American Social History Project • Center for Media and Learning

What’s New about the New Deal?

Published May 11, 2009

Gerald Markowitz, John Jay College and The Graduate Center, CUNY
“FDR, The Depression, and the New Deal: What Was New?”
The Graduate Center, CUNY
October 23, 2007

In this presentation to New York City teachers, historian Gerald Markowitz discusses Franklin D. Roosevelt’s New Deal. He begins by focusing on what was new about the New Deal, including the government’s response to the Great Depression, the relationship of the government to the people, and changes in the definition of freedom. Markowitz continues by discussing the limitations of the New Deal, which he describes as an innovative and unstable reform coalition that faced constraints when confronting agricultural, southern, and civil rights policies. Limitation, Markowitz concludes, is a consistent theme in U.S. history, and what is left undone in one era is often the basis for change and reform in the next.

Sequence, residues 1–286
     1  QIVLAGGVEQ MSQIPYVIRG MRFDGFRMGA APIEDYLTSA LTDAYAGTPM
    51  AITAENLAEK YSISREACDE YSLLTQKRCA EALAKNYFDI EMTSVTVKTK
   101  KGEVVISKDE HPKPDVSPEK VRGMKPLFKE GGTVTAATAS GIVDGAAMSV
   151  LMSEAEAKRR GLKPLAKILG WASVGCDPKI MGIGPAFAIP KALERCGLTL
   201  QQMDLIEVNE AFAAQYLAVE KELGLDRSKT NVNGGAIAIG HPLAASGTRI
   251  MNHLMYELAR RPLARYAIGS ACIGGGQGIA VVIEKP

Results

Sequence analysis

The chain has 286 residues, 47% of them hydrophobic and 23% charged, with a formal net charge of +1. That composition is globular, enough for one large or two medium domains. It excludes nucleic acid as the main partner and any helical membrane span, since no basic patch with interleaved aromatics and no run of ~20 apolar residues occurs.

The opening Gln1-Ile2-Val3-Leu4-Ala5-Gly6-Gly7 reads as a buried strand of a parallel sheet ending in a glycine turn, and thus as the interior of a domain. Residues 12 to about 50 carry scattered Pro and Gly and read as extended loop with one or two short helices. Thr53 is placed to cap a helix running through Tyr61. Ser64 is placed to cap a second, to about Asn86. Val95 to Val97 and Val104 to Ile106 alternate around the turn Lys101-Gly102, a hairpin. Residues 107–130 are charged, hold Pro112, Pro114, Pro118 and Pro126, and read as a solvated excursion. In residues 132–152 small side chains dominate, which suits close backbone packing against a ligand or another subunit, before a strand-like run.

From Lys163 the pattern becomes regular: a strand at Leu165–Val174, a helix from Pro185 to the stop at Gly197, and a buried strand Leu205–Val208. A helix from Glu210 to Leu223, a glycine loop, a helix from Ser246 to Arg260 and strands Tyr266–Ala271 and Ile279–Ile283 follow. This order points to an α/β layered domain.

Images used in this presentation:

Hunger Line on 6th Avenue & 42nd Street, H.W. Felchner, FDR Library, 1932 (New Deal Network)Abandoned Mining Town, Wilson, FDR Library (New Deal Network)Tenant Farmers, Homeless, OK Farm Security Administration, FDR Library,1938Destitute Pea Pickers in California, Dorothea Lange, Library of Congress, 1936Young Oklahoma MotherPicketers in Front of WPA Building, NARA, 1941 (New Deal Network)

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